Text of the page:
Dr. Emeline Ramanaden, Cincinnati Veterans Affairs Medical Center Eye Center Service Chief, contributed to information in this article.
Glaucoma is the second leading cause of blindness worldwide and approximately 3 million Americans are diagnosed with the diseases, but half of people don’t know they have glaucoma because it is often asymptomatic. The key to preventing vision loss caused by glaucoma is to understand the associated risks, how to prevent the diseases, and what treatments are available to manage glaucoma.
Fast Facts About Glaucoma
- Glaucoma is a group of diseases that cause damage to the optic nerves and may result in vision loss and blindness.
- The most common form of glaucoma is open-angle glaucoma, which is characterized by increased eye pressure.
- When fluid in the front of the eyes builds up, it increases the pressure in the eyes, ultimately damaging the optic nerves. The optic nerves are what transmit visual images from the outside world to your brain, so damage to the nerves can result in loss of eyesight.
- Glaucoma is usually asymptomatic, so patients don’t know they have it. It also causes visual field loss that moves from the outside in, so patients often can’t tell they’re losing vision until they end up with a small central tunnel of vision.
- There is no cure for glaucoma, but early intervention may preserve vision and prevent further damage.
Understanding Your Risk
- Family history of glaucoma is one of the largest risk factors.
- While anyone can get glaucoma, for Veterans over 60 years old, glaucoma is the leading cause of blindness.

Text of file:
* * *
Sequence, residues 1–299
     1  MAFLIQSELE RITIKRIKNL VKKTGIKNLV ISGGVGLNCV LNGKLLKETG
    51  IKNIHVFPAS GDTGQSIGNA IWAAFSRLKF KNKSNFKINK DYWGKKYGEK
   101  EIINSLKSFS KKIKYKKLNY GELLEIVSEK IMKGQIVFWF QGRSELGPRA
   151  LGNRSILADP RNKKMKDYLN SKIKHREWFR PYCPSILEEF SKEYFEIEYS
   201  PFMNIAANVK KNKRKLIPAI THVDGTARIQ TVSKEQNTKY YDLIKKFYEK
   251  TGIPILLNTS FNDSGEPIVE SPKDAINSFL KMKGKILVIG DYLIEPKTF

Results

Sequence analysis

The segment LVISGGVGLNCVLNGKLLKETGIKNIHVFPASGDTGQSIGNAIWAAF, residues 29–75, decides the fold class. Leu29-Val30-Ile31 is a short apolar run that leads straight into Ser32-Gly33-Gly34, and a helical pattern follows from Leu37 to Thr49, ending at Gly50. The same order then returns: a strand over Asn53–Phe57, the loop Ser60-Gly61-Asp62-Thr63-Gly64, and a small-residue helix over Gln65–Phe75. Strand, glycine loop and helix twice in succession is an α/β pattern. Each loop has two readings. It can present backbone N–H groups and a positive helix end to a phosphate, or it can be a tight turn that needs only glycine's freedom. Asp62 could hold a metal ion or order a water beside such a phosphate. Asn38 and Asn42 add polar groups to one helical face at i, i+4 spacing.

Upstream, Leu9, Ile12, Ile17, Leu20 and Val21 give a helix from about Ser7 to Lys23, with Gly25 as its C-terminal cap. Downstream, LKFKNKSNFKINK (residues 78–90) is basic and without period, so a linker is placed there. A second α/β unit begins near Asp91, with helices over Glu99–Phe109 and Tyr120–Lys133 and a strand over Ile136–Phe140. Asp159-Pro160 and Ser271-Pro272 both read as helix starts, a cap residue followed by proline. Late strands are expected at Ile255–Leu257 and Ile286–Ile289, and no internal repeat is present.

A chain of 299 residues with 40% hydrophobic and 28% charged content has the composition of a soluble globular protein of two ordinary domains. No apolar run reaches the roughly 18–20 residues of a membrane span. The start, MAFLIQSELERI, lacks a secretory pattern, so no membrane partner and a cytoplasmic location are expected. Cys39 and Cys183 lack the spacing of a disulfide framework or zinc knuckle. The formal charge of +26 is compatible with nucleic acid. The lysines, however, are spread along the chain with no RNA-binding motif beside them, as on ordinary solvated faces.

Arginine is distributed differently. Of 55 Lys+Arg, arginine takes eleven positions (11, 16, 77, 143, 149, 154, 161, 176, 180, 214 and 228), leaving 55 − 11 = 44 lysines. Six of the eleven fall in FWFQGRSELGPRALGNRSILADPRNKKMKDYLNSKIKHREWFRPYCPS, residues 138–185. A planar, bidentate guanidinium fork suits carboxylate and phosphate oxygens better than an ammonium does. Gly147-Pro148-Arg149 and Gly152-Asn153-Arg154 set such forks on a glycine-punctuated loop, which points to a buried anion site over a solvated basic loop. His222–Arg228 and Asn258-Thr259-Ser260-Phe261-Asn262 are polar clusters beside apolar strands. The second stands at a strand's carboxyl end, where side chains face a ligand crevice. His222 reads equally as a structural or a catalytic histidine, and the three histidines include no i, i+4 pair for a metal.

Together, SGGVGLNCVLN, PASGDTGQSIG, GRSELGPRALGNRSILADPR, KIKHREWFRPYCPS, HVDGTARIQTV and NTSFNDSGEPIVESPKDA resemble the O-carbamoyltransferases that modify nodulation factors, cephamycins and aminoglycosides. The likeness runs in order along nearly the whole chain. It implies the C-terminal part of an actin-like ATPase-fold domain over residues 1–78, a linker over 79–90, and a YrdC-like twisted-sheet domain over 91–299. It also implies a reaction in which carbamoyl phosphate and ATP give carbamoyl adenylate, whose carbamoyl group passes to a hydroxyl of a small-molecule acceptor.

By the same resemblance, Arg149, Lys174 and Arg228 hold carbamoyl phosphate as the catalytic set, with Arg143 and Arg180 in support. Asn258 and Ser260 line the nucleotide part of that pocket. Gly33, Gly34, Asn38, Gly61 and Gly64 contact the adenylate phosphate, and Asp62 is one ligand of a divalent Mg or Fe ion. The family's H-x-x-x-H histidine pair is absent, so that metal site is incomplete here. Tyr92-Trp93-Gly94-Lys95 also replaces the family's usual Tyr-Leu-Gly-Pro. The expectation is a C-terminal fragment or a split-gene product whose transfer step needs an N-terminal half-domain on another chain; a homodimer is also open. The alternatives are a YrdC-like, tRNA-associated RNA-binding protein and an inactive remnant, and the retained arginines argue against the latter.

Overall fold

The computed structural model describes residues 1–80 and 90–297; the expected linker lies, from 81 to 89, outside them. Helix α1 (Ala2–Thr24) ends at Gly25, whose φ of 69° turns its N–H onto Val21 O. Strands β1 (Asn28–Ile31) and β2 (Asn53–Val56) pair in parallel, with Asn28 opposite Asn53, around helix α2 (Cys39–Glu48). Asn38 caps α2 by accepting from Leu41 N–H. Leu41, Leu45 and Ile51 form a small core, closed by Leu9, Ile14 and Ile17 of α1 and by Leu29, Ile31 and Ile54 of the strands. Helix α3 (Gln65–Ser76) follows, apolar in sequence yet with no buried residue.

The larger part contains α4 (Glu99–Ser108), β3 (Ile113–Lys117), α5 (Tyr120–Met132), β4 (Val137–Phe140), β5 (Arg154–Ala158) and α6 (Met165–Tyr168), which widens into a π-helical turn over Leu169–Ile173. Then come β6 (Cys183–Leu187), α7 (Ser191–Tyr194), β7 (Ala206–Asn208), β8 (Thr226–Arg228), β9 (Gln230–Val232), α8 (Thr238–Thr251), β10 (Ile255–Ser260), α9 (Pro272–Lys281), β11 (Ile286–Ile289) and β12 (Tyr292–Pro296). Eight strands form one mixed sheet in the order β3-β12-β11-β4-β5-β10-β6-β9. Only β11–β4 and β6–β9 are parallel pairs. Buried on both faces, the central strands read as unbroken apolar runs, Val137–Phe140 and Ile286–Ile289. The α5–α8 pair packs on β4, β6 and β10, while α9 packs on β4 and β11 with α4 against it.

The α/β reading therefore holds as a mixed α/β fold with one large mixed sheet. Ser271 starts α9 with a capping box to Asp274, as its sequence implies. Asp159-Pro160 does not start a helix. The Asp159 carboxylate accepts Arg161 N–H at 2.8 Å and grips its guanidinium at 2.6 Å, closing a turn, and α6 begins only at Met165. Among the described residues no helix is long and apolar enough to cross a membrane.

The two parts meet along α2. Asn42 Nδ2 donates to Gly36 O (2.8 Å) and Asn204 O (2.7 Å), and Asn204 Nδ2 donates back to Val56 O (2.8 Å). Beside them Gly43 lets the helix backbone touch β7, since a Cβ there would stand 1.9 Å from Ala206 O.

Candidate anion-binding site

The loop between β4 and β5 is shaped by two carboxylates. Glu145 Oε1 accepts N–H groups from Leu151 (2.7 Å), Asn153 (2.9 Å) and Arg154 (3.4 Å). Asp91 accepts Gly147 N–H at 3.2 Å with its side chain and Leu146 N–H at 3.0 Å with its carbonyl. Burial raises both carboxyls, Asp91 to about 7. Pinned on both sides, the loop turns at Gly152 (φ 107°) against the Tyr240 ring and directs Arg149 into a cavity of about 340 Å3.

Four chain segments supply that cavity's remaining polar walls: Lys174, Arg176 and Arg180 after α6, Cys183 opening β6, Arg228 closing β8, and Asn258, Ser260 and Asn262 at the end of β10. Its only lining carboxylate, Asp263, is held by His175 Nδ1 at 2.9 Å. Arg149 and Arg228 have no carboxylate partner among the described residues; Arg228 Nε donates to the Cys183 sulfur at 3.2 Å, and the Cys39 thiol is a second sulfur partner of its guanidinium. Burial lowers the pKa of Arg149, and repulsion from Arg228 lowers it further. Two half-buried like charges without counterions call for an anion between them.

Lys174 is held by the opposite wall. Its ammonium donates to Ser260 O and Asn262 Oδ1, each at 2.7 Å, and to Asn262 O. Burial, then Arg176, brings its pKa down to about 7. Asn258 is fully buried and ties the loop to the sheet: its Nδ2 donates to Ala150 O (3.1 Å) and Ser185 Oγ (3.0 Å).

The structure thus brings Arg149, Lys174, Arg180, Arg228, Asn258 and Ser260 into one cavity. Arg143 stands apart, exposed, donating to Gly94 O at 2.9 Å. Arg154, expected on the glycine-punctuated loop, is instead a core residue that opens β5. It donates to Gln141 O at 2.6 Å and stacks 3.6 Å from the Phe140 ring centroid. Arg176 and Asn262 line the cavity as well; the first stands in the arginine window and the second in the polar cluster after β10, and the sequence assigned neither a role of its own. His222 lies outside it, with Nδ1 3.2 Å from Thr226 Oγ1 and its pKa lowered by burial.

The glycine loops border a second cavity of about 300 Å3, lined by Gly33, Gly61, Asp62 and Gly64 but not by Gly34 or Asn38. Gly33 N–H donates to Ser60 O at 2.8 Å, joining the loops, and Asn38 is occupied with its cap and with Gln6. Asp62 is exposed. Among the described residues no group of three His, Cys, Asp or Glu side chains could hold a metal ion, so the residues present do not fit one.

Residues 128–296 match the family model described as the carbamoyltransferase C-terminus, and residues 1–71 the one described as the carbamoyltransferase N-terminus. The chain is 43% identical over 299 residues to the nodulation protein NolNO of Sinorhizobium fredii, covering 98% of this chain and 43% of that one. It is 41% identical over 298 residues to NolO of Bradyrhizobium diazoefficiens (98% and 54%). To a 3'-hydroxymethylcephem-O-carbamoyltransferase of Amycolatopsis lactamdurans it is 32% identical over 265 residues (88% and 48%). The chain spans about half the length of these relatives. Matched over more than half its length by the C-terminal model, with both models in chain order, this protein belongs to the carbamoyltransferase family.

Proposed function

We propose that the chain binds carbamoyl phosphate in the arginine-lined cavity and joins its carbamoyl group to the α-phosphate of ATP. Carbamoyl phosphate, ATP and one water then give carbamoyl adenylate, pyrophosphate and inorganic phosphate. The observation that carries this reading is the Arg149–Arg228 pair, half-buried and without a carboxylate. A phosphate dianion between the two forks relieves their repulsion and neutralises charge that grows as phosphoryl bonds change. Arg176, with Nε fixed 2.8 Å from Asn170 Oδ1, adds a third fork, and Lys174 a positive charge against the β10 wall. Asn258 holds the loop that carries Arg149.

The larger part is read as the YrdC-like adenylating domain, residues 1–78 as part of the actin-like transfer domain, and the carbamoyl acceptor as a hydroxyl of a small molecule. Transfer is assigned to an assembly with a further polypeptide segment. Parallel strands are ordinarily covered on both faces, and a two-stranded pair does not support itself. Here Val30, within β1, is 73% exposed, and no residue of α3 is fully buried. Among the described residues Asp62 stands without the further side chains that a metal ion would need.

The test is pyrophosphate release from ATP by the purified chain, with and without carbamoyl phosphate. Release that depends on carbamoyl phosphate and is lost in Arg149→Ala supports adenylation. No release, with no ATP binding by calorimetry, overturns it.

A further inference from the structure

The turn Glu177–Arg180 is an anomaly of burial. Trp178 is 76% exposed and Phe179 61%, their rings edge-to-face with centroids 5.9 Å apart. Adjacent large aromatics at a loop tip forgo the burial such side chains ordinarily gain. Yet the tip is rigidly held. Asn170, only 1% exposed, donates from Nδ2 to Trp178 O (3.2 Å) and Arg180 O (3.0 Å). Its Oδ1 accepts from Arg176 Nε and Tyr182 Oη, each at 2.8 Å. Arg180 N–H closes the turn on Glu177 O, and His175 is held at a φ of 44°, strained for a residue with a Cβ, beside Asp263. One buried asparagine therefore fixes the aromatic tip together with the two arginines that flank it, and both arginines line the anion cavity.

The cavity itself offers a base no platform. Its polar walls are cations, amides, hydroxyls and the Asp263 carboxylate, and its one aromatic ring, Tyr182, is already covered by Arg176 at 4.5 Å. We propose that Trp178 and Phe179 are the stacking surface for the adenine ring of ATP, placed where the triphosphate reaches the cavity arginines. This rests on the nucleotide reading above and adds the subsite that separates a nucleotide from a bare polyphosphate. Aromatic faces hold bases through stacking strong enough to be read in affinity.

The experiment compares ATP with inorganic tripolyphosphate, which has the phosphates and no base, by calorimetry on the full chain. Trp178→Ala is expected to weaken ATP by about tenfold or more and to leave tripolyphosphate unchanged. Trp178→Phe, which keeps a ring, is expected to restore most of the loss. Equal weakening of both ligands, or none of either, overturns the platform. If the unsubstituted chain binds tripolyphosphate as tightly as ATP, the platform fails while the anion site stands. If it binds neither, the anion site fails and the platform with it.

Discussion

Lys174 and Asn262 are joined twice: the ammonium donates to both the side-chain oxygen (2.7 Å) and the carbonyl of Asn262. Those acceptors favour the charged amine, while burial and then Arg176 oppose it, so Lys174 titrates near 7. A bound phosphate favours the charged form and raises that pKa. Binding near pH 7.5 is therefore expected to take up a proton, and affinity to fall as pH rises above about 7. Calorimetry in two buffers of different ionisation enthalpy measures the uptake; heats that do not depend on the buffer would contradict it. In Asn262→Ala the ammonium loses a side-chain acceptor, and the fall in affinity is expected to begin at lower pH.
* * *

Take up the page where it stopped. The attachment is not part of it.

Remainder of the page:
- Certain hypertension medications and obstructive sleep apnea can affect glaucoma.
- People with diabetes are twice as likely to get glaucoma than people without diabetes.
- African Americans are six-to-eight times more likely to develop glaucoma than other populations.
Prevention is Key
The Cincinnati Veterans Affairs Medical Center (VAMC) Eye Center offers a multitude of services intended to prevent and detect diseases like glaucoma in eligible Veterans.
- Veterans eligible for benefits through the VA are offered complete vision services with comprehensive eye exams for eyeglass prescriptions and general and preventative eye health.
- Medical management of diseases like glaucoma, ocular inflammation, and minor eye injuries.
- Low-vision services for conditions like macular degeneration that can’t be corrected by glasses, surgery, or medication with the inclusion of assistive devices.
- Special eye exams for diabetic patients.
- Contact lens services are also available.
Managing and Treating Glaucoma
- Glaucoma caught early through routine eye screening can often be treated with prescription eye drops.
- Veterans with more complex glaucoma can be referred to an in-house specialist for further evaluation and intervention.
- Advanced glaucoma can be treated through minimally invasive procedures and surgeries.
For more information about Cincinnati VAMC Eye Center services or to schedule an appointment, Veterans should call 513-559-3599. No referrals are needed to schedule routine eyecare services.
 Centers for Disease Control and Prevention, Don’t Let Glaucoma Steal Your Sight! (2020): Don’t Let Glaucoma Steal Your Sight! | CDC
 U.S. Department of Veterans Affairs, Glaucoma—Why Veterans need regular eye exams (2019): Glaucoma – Why Veterans need regular eye exams - VAntage Point